A version of this story about Elisabeth Moss first appeared in the “Dark Horses We Love” section of the Actors/Directors/Screenwriters issue of TheWrap’s Oscar magazine.
It started with an image — a female rock star, at the top of her game but addicted to drugs, holding a baby — along with the idea to start not with the rise to fame, but with the descent.
Those were the keys when writer-director Alex Ross Perry and actress Elisabeth Moss first started talking about “Her Smell,” a harrowing rock ‘n’ roll fever dream that stars Moss as Becky Something, a self-destructive ’90s riot grrrl/punk singer whose world falls apart over three chaotic, assaultive and extended scenes, and who tries to figure out if she deserves redemption over the film’s final two acts.
“It was one of those things where I read the script and could see the character,” Moss said. “Every great part makes me think two things: ‘I can’t believe they wrote this, it’s so good,’ and ‘I can’t believe they think I can do this.'”
She laughed, then added: “‘Her Smell’ was Alex saying, ‘I’m going to write you the hardest character you’ve ever had to play, and I think you can do it.'”
The Emmy-winning veteran of Aaron Sorkin’s “The West Wing” and Matthew Weiner’s “Mad Men” had a lot of learning to do, because she was not an aficionado of the kind of music her character performs. “I was into jazz and blues, and I was a ballet dancer,” she said. “I could name any Gershwin tune, but I could not tell you a Nirvana song. I was just not quite cool enough.”
She had grand dreams of spending a month in rehearsals and band practices, but those dreams died when shooting on Season 2 of “The Handmaid’s Tale” ran overtime and didn’t end until two weeks before shooting began on “Her Smell,” But Moss had been practicing guitar and prepping for months on the “Handmaid” set: “For about four or five months, I was taking my guitar back and forth from the set in my car,” she said. “I have great pictures of me in my ‘Handmaid’s Tale’ costume playing a guitar.”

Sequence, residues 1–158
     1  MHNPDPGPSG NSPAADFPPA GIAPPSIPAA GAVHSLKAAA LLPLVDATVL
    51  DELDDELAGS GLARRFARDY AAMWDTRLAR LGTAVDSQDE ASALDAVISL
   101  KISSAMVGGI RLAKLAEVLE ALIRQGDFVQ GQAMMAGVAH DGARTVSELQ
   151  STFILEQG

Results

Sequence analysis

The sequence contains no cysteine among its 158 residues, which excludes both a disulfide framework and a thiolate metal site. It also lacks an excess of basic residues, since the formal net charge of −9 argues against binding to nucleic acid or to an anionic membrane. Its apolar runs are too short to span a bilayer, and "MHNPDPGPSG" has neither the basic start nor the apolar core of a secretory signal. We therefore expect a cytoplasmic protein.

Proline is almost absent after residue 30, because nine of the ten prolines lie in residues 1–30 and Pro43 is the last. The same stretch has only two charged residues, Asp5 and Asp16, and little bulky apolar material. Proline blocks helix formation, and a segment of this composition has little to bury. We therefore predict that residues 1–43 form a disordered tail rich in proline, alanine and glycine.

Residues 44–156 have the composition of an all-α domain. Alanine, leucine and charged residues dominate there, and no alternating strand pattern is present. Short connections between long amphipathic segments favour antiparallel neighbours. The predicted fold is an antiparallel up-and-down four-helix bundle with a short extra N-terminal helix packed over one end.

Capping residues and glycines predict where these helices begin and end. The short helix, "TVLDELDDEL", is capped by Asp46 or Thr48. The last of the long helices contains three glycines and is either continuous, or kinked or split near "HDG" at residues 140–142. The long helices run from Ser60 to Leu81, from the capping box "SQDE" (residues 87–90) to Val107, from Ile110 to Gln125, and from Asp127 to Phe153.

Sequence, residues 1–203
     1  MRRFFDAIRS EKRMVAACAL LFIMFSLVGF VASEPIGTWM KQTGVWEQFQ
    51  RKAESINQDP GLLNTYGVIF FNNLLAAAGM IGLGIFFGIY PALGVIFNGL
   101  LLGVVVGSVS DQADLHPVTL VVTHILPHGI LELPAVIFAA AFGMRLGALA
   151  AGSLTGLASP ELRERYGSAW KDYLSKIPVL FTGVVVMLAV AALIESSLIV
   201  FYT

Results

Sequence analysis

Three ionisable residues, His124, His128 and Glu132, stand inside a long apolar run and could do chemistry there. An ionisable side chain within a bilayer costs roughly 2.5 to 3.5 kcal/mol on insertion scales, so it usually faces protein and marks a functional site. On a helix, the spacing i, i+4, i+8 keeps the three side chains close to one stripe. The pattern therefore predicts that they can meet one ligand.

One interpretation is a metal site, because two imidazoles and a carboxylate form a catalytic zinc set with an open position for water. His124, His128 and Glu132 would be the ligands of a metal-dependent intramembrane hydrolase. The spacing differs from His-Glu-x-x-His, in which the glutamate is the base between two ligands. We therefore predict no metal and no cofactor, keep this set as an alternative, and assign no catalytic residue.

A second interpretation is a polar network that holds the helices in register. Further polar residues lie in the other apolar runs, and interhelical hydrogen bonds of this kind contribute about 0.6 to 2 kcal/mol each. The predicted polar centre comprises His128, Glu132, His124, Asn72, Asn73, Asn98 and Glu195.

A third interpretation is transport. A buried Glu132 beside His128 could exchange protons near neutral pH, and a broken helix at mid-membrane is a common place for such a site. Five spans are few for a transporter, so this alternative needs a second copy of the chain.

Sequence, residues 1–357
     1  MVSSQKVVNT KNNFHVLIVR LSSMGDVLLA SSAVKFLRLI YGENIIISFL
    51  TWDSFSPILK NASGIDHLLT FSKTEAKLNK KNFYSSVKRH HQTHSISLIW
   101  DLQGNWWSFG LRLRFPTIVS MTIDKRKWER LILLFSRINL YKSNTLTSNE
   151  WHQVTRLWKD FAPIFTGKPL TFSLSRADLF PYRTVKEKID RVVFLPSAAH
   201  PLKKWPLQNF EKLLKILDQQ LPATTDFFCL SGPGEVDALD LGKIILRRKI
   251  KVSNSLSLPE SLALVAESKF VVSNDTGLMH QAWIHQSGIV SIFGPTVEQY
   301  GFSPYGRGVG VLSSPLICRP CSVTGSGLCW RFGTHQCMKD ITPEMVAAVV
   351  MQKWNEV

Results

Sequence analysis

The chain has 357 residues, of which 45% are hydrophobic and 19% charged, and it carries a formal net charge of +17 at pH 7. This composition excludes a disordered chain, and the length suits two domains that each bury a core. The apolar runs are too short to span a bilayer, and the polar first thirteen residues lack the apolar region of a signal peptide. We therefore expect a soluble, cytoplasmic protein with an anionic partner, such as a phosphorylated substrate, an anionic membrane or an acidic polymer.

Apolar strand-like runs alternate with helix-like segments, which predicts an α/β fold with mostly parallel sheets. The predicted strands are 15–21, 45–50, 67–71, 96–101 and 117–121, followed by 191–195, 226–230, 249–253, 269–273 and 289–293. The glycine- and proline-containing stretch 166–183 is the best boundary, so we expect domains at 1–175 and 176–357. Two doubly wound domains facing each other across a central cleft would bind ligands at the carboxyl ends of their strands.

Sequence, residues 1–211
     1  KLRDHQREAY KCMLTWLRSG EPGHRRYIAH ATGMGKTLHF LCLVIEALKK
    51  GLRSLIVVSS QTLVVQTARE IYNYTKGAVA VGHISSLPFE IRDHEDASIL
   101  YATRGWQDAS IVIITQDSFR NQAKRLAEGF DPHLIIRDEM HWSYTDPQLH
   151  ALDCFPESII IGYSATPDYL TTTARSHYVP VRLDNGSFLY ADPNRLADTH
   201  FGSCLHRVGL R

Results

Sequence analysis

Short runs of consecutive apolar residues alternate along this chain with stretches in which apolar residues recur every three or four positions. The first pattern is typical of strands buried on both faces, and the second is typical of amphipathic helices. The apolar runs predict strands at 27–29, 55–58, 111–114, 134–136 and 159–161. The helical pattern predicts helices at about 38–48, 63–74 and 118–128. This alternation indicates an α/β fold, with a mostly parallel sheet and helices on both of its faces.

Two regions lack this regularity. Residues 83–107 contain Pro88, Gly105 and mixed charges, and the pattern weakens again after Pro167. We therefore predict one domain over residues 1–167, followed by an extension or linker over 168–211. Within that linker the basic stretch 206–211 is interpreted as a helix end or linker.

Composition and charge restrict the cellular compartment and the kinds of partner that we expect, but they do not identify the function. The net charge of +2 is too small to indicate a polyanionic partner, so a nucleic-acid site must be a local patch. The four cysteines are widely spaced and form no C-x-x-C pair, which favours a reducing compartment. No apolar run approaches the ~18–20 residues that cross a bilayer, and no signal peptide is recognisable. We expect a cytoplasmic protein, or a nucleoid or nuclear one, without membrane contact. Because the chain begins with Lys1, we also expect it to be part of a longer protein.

The practice helped her find the character, but it didn’t quite prepare her for long takes of Becky spouting what sounds like drug-addled and ego-driven gibberish.
“I am a good memorizer, but I think I got a little cocky,” she said. “I didn’t realize how hard Becky’s dialogue was. Alex wanted it exactly as written, and I discovered very quickly that even though it sounds like it doesn’t make sense, if you don’t say it that way it really doesn’t make sense. You’re lost. You have to say it in her nonsensical way. That dialogue is really hard, and I’ve done Mamet, Sorkin, Matthew Weiner…”
The other problem, she added, was simply the energy required by lengthy takes that kept her character on the edge of hysteria. “Those scenes would run for a long time,” she said. “Say an act was 30 pages long — you’d do 15 pages one day and 15 pages the next. But it’s not like you would do those 15 pages once. You’d do them over and over and over again. That was the exhausting thing, having to keep that energy up every single time. It’s the closest I got to theater, doing that film.”
Perry, who has now worked with Moss on three films, recently said of his regular leading lady, “Some people are born to suffer, and some people are born to pretend to suffer.” When Moss heard the quote, she immediately said, “He was talking about me? That’s great. I guess I am, yeah.”
A pause. “I definitely am.”
To read more from the Actors/Directors/Screenwriters issue, click here.